give to your 16-year-old self?
LF: Don’t start smoking, mate.
JF: Finally, what do you most admire about me?
LF: I think that you’re stoic, you’re not over-emotional,
and you’re very, very kind.
Jack

Jack and his dog in the picture above


Laurence interviews Jack:
LF: Thanks very much for joining us, Jack. I’d like to ask you a few questions if that’s alright?
JF: It would be my pleasure.
LF: Why did you become an actor? The “why” wasn’t meant to sound so loaded, by the way…
JF: I never wanted to work behind a desk. I couldn’t abide the thought of it. Although, eventually, that’s probably where I’ll end up. I liked the idea of being an actor, and then I wanted to be an actor because I liked being an actor. But initially it was definitely just because I liked the idea of it.
LF: What is the most striking memory from your childhood?
JF: Me and you used to play Lego, do you remember? We had boxes and boxes of it and I had to pick out three-ers and four-ers and give them to you.
LF: I do that with my own children now. “Get Daddy a
three-er. I’m building a spaceship!”
JF: That was one of my strong memories. That and when
Dad blamed you for breaking the hi-fi.
LF: He was changing the plug, and then the phone rang, and then the hi-fi didn’t work, and I was put forward as a sacrificial lamb and beaten for it.
JF: But to be fair you did also set fire to Lydia [their sister].
LF: Yes, I did try to kill Lydia. I think we should move on. Jack, how would you describe your personal style?
JF: Like you but better.
LF: Who is your biggest acting influence?
JF: Dad. He’s the best, as a general influence, and also as an acting influence. But I haven’t watched many performances of his. I’m saving them for when he’s
dead. Do you do that? People get really freaked out
when I tell them that.
LF: Do you have any stage superstitions?
JF: I used to listen to Ariana Grande before I went on
stage with Dear Lupin, and then I changed it to Katie Perry’s “Roar”; I feel like that’s a cliché, but then they
did hear me roar. I think that’s why The Stage didn’t
like the play.
LF: Did you not get a good review? I was once described as having a face that belonged in the winner’s enclosure at Aintree. But at least it was the winner’s enclosure. Jack, when was the last time you lied?
JF:
LF: What is the best piece of advice you’ve ever been given?
JF: Take the rough with the smooth, I think.
LF: Which director would you most like to work with?
JF: Scorsese. Or Tarantino. I’d like to work with him
because I think he would be completely nuts. My favourite Tarantino moment is in Django Unchained when he appears as an American soldier with an Australian accent.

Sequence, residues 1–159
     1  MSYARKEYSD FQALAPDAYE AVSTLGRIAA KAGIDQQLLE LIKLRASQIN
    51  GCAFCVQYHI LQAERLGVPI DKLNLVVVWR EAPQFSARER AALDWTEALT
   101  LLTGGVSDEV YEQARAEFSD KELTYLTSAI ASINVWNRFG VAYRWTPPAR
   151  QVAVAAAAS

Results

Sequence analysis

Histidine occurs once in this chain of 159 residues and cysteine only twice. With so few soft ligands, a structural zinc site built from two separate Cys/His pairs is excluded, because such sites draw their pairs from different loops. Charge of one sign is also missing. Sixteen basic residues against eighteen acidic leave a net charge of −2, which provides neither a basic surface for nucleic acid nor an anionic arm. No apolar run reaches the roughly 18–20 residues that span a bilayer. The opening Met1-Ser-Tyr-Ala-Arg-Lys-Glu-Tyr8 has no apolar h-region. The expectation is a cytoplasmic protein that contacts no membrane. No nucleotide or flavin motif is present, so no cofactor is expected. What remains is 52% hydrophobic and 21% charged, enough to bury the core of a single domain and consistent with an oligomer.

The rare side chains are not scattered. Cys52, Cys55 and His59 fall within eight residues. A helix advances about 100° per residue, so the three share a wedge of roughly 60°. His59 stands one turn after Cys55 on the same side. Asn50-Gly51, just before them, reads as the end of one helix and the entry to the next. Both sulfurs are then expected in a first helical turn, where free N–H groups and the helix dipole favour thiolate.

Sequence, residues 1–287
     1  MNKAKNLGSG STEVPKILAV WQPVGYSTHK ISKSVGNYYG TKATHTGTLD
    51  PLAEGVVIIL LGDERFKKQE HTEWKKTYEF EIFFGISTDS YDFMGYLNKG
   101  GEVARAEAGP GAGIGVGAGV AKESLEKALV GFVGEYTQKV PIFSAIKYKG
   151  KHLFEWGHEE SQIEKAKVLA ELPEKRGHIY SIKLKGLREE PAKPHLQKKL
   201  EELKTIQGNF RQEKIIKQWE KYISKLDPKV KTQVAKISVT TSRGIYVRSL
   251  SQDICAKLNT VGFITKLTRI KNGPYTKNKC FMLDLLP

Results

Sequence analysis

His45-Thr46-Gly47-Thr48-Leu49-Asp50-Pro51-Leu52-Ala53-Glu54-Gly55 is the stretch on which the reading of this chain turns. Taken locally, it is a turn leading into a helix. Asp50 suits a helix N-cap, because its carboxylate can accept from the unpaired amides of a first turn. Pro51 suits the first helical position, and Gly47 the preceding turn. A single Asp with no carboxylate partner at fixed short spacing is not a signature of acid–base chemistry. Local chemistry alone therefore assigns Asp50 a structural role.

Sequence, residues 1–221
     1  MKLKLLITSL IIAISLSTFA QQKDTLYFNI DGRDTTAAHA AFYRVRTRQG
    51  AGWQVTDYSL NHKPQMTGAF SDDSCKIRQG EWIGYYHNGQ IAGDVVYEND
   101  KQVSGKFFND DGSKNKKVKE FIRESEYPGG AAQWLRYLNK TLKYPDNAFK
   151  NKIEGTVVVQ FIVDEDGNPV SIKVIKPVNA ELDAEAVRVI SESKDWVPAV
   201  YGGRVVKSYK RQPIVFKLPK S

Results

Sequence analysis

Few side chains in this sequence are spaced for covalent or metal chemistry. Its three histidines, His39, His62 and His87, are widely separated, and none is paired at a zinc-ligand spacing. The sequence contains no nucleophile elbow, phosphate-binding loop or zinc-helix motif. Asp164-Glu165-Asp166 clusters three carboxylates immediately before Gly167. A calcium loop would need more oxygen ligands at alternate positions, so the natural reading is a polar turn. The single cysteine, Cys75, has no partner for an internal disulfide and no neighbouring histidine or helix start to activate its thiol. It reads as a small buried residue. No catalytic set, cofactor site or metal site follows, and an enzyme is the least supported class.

LF: What is your biggest failure or regret?
JF: Not going into professional football. Now that I’m 32
I think to myself, “I’m the same age as Wayne Rooney.”
LF: Who would you say is the biggest attention seeker
in our family?
JF: It’s a close-run thing between me and you. I’ve got a strong memory of you really upsetting Dad once because he was trying to watch a WWII documentary and you kept pretending to be a German fighter pilot. I remember Tom [another brother] snapped a pair of sunglasses he was given on his birthday and threw them into the neighbour’s garden. I used to write Mum and Dad letters saying I was going to leave. I was six and I’d slide them under the door. They used to say things like, “I’m going this time, you won’t know where I am.”
LF: They probably didn’t care. What is your idea of
perfect happiness?
JF: Sleeping well at night. I can’t sleep well at all at the moment. The other happiness would be having
James Corden sing me to sleep.
LF: And then watching someone take a hammer to him, perhaps? Which word or phrase do you most overuse?
JF: I say the word “like” a lot.
LF: What was your least favourite subject at school?
JF: Maths. I used to get presence slips at maths. Most
people got absence slips to say that they hadn’t gone
to class, but I went so little that I got presence slips to
say that I had gone to class! But then I did it for GCSE, and for A-level. I got a U in it at A-level.
LF: I got an X for one A-level — Japanese. Didn’t turn up. Finally, what’s the biggest cliché in the acting world?
JF: Nepotism.
 
 

Sign up for news, promotions and events

Read our full mailing consent Terms and Conditions here.